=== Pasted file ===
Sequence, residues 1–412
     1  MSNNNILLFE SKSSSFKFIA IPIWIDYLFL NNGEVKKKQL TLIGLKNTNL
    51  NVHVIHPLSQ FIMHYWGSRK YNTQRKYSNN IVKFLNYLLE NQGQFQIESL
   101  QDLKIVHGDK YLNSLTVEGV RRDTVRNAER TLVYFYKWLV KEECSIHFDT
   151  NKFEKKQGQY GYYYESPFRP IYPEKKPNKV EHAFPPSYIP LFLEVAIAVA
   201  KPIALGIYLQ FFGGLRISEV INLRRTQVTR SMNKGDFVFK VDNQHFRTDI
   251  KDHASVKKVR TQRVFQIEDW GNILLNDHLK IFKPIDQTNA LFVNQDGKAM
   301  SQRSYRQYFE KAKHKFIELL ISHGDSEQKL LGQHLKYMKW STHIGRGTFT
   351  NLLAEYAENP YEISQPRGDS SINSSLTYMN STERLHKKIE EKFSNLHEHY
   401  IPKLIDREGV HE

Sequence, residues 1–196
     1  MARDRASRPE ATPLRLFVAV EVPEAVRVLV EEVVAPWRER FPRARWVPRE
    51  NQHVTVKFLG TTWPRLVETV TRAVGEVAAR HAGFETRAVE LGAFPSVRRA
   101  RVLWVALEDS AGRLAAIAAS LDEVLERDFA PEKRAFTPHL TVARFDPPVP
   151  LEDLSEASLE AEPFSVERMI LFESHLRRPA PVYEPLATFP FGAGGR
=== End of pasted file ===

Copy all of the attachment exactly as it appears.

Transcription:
Sequence, residues 1–412
     1  MSNNNILLFE SKSSSFKFIA IPIWIDYLFL NNGEVKKKQL TLIGLKNTNL
    51  NVHVIHPLSQ FIMHYWGSRK YNTQRKYSNN IVKFLNYLLE NQGQFQIESL
   101  QDLKIVHGDK YLNSLTVEGV RRDTVRNAER TLVYFYKWLV KEECSIHFDT
   151  NKFEKKQGQY GYYYESPFRP IYPEKKPNKV EHAFPPSYIP LFLEVAIAVA
   201  KPIALGIYLQ FFGGLRISEV INLRRTQVTR SMNKGDFVFK VDNQHFRTDI
   251  KDHASVKKVR TQRVFQIEDW GNILLNDHLK IFKPIDQTNA LFVNQDGKAM
   301  SQRSYRQYFE KAKHKFIELL ISHGDSEQKL LGQHLKYMKW STHIGRGTFT
   351  NLLAEYAENP YEISQPRGDS SINSSLTYMN STERLHKKIE EKFSNLHEHY
   401  IPKLIDREGV HE

Sequence, residues 1–196
     1  MARDRASRPE ATPLRLFVAV EVPEAVRVLV EEVVAPWRER FPRARWVPRE
    51  NQHVTVKFLG TTWPRLVETV TRAVGEVAAR HAGFETRAVE LGAFPSVRRA
   101  RVLWVALEDS AGRLAAIAAS LDEVLERDFA PEKRAFTPHL TVARFDPPVP
   151  LEDLSEASLE AEPFSVERMI LFESHLRRPA PVYEPLATFP FGAGGR